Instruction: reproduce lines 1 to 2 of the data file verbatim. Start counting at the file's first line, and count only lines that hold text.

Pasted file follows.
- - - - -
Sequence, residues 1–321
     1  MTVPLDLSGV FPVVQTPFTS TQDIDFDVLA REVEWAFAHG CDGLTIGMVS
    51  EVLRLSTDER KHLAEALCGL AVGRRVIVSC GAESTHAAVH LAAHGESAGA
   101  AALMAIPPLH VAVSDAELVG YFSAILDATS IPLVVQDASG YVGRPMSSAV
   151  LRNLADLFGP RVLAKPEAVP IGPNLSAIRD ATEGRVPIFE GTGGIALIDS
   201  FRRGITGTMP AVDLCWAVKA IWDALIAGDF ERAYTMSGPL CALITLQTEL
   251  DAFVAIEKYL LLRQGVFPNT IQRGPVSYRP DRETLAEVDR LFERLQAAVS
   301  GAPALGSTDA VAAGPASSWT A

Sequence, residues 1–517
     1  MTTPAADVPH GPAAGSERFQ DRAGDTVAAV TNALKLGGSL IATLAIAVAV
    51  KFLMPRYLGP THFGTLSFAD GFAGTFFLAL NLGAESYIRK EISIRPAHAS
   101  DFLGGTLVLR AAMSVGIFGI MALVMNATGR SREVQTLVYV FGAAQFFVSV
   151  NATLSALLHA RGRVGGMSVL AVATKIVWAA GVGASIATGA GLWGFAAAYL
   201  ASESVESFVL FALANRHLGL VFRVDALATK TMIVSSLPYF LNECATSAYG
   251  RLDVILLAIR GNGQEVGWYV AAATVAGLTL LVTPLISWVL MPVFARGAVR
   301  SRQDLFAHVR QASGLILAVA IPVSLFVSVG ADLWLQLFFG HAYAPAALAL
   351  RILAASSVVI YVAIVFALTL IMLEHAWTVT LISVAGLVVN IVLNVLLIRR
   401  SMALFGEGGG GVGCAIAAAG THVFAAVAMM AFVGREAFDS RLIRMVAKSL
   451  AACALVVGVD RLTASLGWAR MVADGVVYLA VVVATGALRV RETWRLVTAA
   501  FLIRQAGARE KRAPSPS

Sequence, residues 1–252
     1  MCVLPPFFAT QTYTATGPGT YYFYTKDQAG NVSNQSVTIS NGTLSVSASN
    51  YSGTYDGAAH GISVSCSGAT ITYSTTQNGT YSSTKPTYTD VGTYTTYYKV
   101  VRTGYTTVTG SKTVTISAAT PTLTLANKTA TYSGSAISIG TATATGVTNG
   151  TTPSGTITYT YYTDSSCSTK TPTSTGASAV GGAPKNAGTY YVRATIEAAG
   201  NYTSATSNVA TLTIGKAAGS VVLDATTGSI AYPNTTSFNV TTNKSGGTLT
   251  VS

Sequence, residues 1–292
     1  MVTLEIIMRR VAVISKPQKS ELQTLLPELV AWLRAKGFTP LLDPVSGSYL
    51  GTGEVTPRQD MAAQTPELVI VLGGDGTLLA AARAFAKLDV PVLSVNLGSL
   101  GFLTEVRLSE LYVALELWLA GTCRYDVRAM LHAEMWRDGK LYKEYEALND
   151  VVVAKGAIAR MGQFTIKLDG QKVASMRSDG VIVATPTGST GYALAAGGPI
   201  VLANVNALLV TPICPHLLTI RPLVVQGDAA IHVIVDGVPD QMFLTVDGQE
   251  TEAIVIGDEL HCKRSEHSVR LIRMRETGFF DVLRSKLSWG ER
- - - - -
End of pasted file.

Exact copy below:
Sequence, residues 1–321
     1  MTVPLDLSGV FPVVQTPFTS TQDIDFDVLA REVEWAFAHG CDGLTIGMVS